Mar 06, 2013 rated it it was amazing  ·  review of another edition
Initial thoughts:

1. Loved Clay. He is wonderfully funny, and geeky. His journey throughout the story was fantastic.
2. Loved the combination of new and traditional, young and old. Seeing ideas, and characters that are different and opposite come together.
3. Lot's of wonderfully geeky elements. Design, typography, technology, books, and other very nerdy things. It was AMAZING.
4. I really liked and appreciated how the characters and the story was grounded in reality. There are a lot of elements tha
Ms. Smartarse
There was something odd about this book. Not entirely sure what exactly, but I'm thinking it might've been the setting. Waaaay too close to... my real life, so to say. I'm used to stories that happen in either a far-off realm, or a place I've been to, but with just the right twist to make it seem "fantastic". This one seemed all "huh, I could actually see it happening".

As a computer programmer myself, I was lucky enough to go on a business trip to Silicon Valley, where I also visited the Google
Jennifer Masterson
Feb 22, 2014 rated it it was amazing
4.5 Stars. Over a year ago, before I was on Goodreads, I tried to read this book and gave up on it early on thinking it was for a much younger group of readers. I also had too much going on and sometimes when you have a lot going on in your life it can impact everything, including what you're reading! After reading so many other people's glowing reviews I finally decided to give it another go. This time I read the whole book and by the 1/2 way mark I was hooked! Loved loved loved it! It was so m ...more
Nov 15, 2015 rated it liked it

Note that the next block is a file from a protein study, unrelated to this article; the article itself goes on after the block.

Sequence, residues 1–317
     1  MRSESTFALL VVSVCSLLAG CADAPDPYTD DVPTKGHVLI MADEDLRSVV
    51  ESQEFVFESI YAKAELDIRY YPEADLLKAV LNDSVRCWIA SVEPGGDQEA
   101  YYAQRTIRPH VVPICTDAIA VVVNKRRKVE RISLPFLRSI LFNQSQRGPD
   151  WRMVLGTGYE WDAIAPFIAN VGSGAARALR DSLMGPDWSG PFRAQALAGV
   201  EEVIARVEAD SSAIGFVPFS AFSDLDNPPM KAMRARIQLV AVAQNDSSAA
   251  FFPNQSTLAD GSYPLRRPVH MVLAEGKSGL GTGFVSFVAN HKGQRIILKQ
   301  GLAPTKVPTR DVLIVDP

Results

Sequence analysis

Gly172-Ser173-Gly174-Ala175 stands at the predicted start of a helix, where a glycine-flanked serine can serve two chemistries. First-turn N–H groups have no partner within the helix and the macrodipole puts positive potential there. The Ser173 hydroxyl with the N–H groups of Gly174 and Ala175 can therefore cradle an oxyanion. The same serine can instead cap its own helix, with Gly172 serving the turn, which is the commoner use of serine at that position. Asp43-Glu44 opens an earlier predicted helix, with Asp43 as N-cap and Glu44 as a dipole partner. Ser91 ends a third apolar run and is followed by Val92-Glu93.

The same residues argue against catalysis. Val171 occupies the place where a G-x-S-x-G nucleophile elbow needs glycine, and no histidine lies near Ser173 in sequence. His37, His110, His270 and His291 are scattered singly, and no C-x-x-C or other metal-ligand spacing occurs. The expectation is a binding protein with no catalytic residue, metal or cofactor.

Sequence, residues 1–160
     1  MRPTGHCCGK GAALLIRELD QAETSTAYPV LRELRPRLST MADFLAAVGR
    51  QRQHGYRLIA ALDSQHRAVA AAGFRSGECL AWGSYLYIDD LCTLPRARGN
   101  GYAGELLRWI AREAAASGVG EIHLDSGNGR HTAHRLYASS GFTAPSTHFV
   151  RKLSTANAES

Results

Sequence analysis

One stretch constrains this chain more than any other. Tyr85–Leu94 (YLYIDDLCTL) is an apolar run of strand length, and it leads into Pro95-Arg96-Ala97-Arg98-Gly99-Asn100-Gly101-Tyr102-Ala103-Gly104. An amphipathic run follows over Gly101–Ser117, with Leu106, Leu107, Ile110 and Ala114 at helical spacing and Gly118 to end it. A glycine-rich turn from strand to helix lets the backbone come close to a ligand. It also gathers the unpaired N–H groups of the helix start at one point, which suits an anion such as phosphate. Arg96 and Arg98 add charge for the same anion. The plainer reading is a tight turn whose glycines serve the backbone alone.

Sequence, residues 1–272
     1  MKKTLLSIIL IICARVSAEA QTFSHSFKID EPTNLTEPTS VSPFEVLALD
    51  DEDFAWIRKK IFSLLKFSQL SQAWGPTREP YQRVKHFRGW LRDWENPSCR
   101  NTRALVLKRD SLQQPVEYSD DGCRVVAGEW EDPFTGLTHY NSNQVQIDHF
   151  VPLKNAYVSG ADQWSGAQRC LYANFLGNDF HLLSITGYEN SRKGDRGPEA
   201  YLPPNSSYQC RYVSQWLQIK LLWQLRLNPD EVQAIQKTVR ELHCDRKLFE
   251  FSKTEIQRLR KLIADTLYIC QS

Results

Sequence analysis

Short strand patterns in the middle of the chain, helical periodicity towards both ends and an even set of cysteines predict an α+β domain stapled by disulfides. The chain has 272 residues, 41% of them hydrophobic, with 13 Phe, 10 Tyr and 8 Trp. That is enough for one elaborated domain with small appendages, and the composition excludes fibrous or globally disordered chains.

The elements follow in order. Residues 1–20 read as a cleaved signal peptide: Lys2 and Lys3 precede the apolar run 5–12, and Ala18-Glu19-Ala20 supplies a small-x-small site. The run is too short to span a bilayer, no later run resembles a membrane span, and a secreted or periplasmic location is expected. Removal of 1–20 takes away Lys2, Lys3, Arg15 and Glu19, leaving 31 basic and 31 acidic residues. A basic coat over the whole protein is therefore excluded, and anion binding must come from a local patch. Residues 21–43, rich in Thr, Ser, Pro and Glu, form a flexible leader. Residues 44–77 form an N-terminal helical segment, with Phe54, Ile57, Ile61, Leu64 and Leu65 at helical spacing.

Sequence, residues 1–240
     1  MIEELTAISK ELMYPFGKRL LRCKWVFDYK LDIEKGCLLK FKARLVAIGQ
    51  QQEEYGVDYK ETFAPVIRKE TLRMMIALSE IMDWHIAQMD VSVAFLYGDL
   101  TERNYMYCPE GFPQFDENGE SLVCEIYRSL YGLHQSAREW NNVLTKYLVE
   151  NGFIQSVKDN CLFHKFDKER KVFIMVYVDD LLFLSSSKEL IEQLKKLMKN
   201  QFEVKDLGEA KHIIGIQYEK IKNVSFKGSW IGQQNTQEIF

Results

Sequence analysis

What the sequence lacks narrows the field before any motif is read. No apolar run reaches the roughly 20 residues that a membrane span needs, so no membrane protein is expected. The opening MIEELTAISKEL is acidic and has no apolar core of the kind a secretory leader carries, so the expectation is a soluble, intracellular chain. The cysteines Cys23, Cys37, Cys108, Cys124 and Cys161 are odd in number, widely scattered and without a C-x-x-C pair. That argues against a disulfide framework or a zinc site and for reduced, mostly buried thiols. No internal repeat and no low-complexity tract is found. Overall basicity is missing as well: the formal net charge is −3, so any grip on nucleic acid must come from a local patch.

This review originally appeared on my blog, Shoulda, Coulda Woulda Books.

Mr. Penumbra’s 24-Hour-Bookstore is a book with a perfectly charming premise and a number of flaws. The premise, is, of course, what landed it on my to-read list nearly two years ago, and, I’d imagine, the list of many another bibliophile. The book centers on the new night-shift employee at a 24-Hour-Bookstore in San Francisco, who has taken the job after being laid off from his tech-start up in the Great Recession of the l
This book sounds like a dream, but ended up being a nightmare.

I’ve been deceived. Duped. Cheated on, or whatever you want to call it: I’ve been tricked by this book’s intriguing premise and instead of getting a story about a mysterious old bookstore, I get a book overflowing with overused tropes, stereotypical characters and lots, LOTS of references to nerd culture, Google, and boobs.

WFT happened? The first 100 pages were so promising! Clay gets a job at working the night shift at Mr. Penumbra’
Lois Bujold
Oct 15, 2013 rated it it was amazing  ·  review of another edition
Recommends it for: pretty much anyone
Recommended to Lois by: various internet reviews

Good first-person voice, and through it, characterization. The narrator/protagonist has a head I enjoyed spending time in.

This is a book both from the 21st century, and that delights in the 21st century, an incredibly welcome change from all the grimdark political dystopias out there at present.

They sly explorations of the differences between a map and a territory, analog and digital, reality and its representations, (not to mention the past, the present, and the future, tho' I am reminded that
Jun 12, 2020 rated it really liked it  ·  review of another edition
Highly original page turner with a wonderful mix of dusty bookstores and old bibliophiles, alongside the digital age of Googling masters and venture capitalists, and how both worlds have their ideas and uses in the mystery that emanates from Mr Penumbra's book shop :-) 8 out of 12.

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Robin Sloan is the author of the novels Mr. Penumbra's 24-Hour Bookstore and Sourdough. He grew up near Detroit and now splits his time between the Bay Area and the internet. ...more